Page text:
Monday, November 6, 2017

Proxima Centauri Appears to Have a Kuiper Belt

Our nearest neighboring star just got a whole lot richer as a system—and a whole lot weirder.

In research published today in the Astrophysical Journal Letters, researchers from the European Southern Observatory announced … quite a few things, really. The biggest and brightest—literally—of their discoveries is a ring of icy dust around our nearest star, Proxima Centauri, that’s sort of like that system’s version of the Kuiper Belt.

The Kuiper Belt is a circumstellar disc of material that envelopes the solar system’s planets. The belt contains rocks and ices left over from the formation of the solar system’s planets, and also includes dwarf planets like Pluto. But Proxima Centauri is a star that’s much smaller than the Sun, so its dust belt sits much closer, about 1 to 4 times the distance of the Earth to the Sun (called an astronomical unit or AU in space parlance). And when you spot these kinds of belts around stars, it’s often a strong indication of planetary formation.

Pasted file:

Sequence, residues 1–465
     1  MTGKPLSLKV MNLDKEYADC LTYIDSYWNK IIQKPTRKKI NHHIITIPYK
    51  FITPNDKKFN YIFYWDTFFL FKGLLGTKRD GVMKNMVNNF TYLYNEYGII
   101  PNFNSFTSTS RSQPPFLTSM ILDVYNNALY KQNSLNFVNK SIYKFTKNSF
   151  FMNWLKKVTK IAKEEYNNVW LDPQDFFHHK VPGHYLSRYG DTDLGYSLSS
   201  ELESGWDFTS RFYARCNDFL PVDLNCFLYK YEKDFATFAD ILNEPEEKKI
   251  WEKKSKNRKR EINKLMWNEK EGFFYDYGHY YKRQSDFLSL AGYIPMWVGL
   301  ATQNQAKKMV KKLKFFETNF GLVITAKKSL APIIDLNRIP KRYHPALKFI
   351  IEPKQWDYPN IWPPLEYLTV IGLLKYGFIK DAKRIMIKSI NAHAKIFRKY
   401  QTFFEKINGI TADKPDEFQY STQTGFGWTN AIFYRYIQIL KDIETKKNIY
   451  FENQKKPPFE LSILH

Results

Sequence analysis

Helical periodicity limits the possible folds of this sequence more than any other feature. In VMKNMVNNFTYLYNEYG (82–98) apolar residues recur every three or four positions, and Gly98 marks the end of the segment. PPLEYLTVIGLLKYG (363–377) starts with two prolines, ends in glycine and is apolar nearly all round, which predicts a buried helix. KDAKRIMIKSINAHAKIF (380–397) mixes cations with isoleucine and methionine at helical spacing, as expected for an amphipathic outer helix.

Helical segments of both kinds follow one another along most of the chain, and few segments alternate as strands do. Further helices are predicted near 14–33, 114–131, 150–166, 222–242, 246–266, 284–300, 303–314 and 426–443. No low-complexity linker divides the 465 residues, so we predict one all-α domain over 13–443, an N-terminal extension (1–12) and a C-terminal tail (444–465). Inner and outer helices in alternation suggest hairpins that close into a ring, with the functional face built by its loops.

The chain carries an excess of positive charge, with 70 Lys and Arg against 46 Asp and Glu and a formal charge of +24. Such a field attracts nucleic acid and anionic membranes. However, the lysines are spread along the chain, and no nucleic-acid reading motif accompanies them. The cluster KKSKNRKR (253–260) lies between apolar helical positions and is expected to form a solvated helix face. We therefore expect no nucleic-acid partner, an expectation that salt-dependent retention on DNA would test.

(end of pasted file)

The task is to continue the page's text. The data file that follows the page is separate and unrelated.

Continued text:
“[I]n my opinion what we found in Proxima Centauri suggests an elaborate system that might be harboring several planets,” Mayra Osorio of the Instituto de Astrofísica de Andalucía and a coauthor on the paper says.

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